So, after reviewing my Programming In Scala book, I figured out how to make the changes.  First, I changed the AbstractWriter to the following:

abstract class AbstractWriter {

  // Assigns an initial function for the formatter.  The type is implicitly determined.
  private var formatter = TraceFormatters.SimpleFormat

  // formats, then writes the message
  def trace (trace: String, message: String) = {    write (formatter(trace, message))  }

  // sets the formatter to use.  The parameter is now a function.
  def withFormat (format : (String, String) => String) = {
    formatter = format

  // abstract method writers should implement.
  protected def write (message: String)


Now, the defined formatters are just functions I placed inside an Object:

object TraceFormatters {

  val SimpleFormat = (trace: String, message: String) => message
  val LogFormat = (trace: String, message: String) => "[" + trace + "] [" + new java.util.Date() + "] " + message


I can easily add additional formats as needed with a single line of code.

The major benefit, however, is that now users can create formats on the fly.  Lets say that a user wants to create a formatter that formats messages as comma separated values, then all that is needed is the following:

// ignoring the case of messages or trace names with commas.
val writer = new FileWriter("log.csv") withFormat { _ + ", " + _}

Switching from classes to functions makes the code more readable, reduces the number of classes that need to be created, and provides increased flexibility for users of my class.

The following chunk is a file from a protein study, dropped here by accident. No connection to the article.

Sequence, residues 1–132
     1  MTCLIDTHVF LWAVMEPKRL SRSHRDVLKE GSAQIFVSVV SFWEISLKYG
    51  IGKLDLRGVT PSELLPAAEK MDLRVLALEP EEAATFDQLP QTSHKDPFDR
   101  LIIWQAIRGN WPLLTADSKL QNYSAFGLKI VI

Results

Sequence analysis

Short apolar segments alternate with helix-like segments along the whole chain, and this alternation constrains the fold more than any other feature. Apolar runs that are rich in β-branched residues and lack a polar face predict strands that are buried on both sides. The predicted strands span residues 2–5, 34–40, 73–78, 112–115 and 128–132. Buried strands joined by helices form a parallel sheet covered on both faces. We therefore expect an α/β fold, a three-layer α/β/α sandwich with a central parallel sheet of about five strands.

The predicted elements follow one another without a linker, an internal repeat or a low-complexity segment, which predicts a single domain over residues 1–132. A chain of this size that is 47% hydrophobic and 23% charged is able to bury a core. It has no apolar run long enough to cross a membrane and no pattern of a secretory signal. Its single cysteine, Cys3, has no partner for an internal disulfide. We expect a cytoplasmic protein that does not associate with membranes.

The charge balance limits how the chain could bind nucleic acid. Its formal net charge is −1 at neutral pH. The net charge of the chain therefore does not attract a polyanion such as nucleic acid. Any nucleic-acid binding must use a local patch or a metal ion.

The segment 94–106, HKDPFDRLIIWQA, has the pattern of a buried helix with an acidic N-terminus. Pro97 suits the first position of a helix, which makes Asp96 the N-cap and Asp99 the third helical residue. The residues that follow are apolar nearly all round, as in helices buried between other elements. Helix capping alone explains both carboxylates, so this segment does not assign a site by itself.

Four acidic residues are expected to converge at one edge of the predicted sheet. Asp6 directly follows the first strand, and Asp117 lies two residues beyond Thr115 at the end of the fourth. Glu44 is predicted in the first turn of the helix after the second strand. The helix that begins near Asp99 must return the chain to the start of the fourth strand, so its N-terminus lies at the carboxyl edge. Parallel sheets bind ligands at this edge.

Forio Online Simulation Tool

I recently viewed a webcast on a tool called Forio that allows users to create simple simulations that run on the web.  So far I’ve only played around with the available simulations, but it is an intriguing concept.  It appears that any simulation you could create in an Excel spreadsheet you can create with their site and then it runs as a Flash application with nice graphics (iPads need not apply).  Mostly I would say that it’s appropriate for games, teaching/training, and some what-if analysis.  I don’t believe it’s very practical for large scale or virtual applications, but that doesn’t appear to be the goal.

In the very near future I’ll create a simulation and give my thoughts on the usability and applicability of the tools.  Until then, take a look at the simulations they have available to try out. If you feel really motivated, go ahead and sign up for a free account and create your own simulation.